In 1965, he played a sheriff in "The Way to Kill a Killer" on ABC's The Big Valley. That same year, he appeared on NBC's Bonanza as Tad Blake in the episode "The Ballerina." He appeared twice on NBC's The Virginian and four times on NBC's Laramie,' and three times on ABC's Alias Smith and Jones. In 1966, he appeared as Cal in the episode "An Unfamiliar Tune" of A Man Called Shenandoah. In 1967, he played a medicine man in the episode "Spirit Woman" of the series Custer and as Jess Daly in "The Last Wolf" of CBS's Cimarron Strip. In 1979, he guest starred on the ABC series, How the West Was Won in the role of Morton in the episode entitled "The Slavers."[5]

Other credits

After The Deputy left the air, Morgan was frequently cast as law enforcement officers or detectives in such films as Fort Utah (1967), Easy Come, Easy Go (1968) as Ensign Tompkins, Marlowe (1969) as Gumpshaw, Dillinger (1973) as Big Jim Wollard, The New Centurions (1972) as Woodrow Gandy, Shanks (1974), and in made-for-television films, Return of the Gunfighter (1967), Helter Skelte] (1976) as an officer named "Columbine," The Billion Dollar Threat, (1979), Power (1980), and A Year in the Life (1986).[4]

Morgan's dramatic credits ranged from the role of Corporal Hoop Keeler in the 1959 episode, "The Tallest Marine", on Ronald W. Reagan's anthology, General Electric Theater]. That same year, he was cast as Lefty in the episode "What You Need on CBS's science fiction series, The Twilight Zone, hosted by Rod Serling. He appeared twice on CBS's Alfred Hitchcock Presents and once on The Alfred Hitchcock Hour. IHe was also cast in episodes of ABC's The Fugitive and The Outer Limits.

He portrayed Kessler in "A World Without Sundays" on CBS's Mannix, with Mike Connors, and Blackie in "Murder on Stage 17" of ABC's Starsky and Hutch. He appeared four times from 1973 to 1978 in different role on CBS's Barnaby Jones, starring Buddy Ebsen, and twice on ABC's Charlie's Angels in 1977 and 1979. He was Sergeant Kevin Hogan in the 1984 episode, "Death Takes a Curtain Cal,l" on Angela Lansbury's Murder, She Wrote. In 1987, he appeared twice as Curtis on ABC's night-time soap opera, The Colbys.[5]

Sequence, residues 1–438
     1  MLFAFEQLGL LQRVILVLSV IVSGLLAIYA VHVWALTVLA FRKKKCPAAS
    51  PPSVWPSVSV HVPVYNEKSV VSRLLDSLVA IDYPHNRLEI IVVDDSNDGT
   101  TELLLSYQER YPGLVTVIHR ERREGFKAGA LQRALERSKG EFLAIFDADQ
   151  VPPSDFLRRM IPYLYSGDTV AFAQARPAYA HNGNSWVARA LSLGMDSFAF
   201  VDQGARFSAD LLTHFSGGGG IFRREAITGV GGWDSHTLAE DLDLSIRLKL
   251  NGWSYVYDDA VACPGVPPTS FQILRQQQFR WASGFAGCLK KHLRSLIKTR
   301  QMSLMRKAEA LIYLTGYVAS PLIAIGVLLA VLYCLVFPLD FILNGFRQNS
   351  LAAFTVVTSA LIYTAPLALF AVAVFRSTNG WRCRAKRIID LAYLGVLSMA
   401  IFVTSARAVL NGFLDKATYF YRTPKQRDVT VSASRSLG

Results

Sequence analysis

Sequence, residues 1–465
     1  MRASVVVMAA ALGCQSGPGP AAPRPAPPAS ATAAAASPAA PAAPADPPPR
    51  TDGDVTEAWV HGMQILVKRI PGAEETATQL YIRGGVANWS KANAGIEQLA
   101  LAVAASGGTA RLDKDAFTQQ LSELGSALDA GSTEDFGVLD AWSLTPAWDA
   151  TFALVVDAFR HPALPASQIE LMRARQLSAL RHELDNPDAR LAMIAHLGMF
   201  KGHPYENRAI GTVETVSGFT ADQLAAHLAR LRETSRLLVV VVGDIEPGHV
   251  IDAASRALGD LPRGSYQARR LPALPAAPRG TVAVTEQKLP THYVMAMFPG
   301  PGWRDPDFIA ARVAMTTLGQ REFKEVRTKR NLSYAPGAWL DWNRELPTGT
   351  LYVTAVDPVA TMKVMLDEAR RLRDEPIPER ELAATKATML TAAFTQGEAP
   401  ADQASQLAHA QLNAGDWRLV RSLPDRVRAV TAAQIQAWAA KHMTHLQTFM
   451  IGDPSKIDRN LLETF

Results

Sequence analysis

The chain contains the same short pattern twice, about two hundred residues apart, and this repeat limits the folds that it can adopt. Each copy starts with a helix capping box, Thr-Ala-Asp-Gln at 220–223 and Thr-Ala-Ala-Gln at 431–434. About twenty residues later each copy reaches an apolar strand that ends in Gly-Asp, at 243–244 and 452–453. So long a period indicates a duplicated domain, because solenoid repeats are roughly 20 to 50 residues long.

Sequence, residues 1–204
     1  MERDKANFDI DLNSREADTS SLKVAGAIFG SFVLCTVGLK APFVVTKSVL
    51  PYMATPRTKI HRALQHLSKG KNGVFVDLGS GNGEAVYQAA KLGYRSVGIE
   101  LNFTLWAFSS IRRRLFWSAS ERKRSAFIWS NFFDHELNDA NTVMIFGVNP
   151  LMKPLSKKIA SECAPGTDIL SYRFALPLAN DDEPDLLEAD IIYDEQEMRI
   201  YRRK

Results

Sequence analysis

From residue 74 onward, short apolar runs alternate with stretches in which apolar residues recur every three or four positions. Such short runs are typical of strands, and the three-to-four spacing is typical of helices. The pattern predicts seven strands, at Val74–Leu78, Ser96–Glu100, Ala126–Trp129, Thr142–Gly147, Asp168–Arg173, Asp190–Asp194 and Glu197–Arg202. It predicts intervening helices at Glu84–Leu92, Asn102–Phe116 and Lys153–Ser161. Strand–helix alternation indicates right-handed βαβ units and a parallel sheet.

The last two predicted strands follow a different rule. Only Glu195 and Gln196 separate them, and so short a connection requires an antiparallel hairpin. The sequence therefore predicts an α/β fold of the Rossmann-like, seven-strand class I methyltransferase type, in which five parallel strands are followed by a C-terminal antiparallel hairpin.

Morgan's comedy roles were on ABC's McHale's Navy (a Marine sergeant in "The Big Raffle"), Pistols 'n' Petticoats (as Moose Dreyfus in "The Triangle"), Love, American Style, and three episodes of CBS's The Doris Day Show. He appeared as Bert in the 1959 comedy film Ask Any Girl with Shirley MacLaine.[5]​ ​ Morgan's last roles were on two CBS series, as Hap Moody in "Dear Hearts and Gentle People" on Dallas and in the episode "The Coward" of Lee Horsley's latter-day western, Paradise. His final role was as a card dealer in the 1994 western film, Maverick.[5]

References

  1. Tim Brooks and Earle Marsh, The Complete Directory to Prime Time Network TV Shows 1946-Present (New York: Ballantine Books, 1992), p. 220.
  2. Alex McNeil, Total Television (New York: Penguin Books, 1996), pp, 212-213.
  3. Episode List of The Deputy. Internet Movie Data Base. Retrieved on February 12, 2020.
  4. 4.0 4.1 4.2 4.3 Hal Erickson, Biography of Read Morgan. blockbuster.com. Retrieved on January 26, 2010.
  5. 5.0 5.1 5.2 5.3 5.4 5.5 5.6 Read Morgan. Internet Movie Data Base. Retrieved on February 12, 2020.